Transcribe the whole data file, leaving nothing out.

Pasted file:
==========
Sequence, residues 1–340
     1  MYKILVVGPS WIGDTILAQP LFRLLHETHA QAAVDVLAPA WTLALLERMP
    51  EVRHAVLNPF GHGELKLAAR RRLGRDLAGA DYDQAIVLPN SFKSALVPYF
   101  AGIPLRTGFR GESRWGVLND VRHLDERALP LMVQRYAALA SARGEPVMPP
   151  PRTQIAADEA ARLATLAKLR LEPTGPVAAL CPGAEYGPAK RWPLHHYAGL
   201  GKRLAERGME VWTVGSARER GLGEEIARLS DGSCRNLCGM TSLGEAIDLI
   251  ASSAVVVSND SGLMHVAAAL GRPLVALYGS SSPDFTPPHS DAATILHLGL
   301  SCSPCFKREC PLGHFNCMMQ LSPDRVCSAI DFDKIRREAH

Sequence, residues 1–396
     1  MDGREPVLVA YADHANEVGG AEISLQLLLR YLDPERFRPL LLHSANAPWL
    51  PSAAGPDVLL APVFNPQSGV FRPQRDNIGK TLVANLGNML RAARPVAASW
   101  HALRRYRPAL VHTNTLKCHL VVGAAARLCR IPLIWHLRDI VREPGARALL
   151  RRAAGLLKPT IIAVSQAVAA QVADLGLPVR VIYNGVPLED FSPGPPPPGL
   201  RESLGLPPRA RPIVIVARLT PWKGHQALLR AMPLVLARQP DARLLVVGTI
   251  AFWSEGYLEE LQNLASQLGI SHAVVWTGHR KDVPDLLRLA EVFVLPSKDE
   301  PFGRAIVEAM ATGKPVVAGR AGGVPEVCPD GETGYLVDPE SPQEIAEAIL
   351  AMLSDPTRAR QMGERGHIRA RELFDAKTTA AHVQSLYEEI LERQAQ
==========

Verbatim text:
Sequence, residues 1–340
     1  MYKILVVGPS WIGDTILAQP LFRLLHETHA QAAVDVLAPA WTLALLERMP
    51  EVRHAVLNPF GHGELKLAAR RRLGRDLAGA DYDQAIVLPN SFKSALVPYF
   101  AGIPLRTGFR GESRWGVLND VRHLDERALP LMVQRYAALA SARGEPVMPP
   151  PRTQIAADEA ARLATLAKLR LEPTGPVAAL CPGAEYGPAK RWPLHHYAGL
   201  GKRLAERGME VWTVGSARER GLGEEIARLS DGSCRNLCGM TSLGEAIDLI
   251  ASSAVVVSND SGLMHVAAAL GRPLVALYGS SSPDFTPPHS DAATILHLGL
   301  SCSPCFKREC PLGHFNCMMQ LSPDRVCSAI DFDKIRREAH

Sequence, residues 1–396
     1  MDGREPVLVA YADHANEVGG AEISLQLLLR YLDPERFRPL LLHSANAPWL
    51  PSAAGPDVLL APVFNPQSGV FRPQRDNIGK TLVANLGNML RAARPVAASW
   101  HALRRYRPAL VHTNTLKCHL VVGAAARLCR IPLIWHLRDI VREPGARALL
   151  RRAAGLLKPT IIAVSQAVAA QVADLGLPVR VIYNGVPLED FSPGPPPPGL
   201  RESLGLPPRA RPIVIVARLT PWKGHQALLR AMPLVLARQP DARLLVVGTI
   251  AFWSEGYLEE LQNLASQLGI SHAVVWTGHR KDVPDLLRLA EVFVLPSKDE
   301  PFGRAIVEAM ATGKPVVAGR AGGVPEVCPD GETGYLVDPE SPQEIAEAIL
   351  AMLSDPTRAR QMGERGHIRA RELFDAKTTA AHVQSLYEEI LERQAQ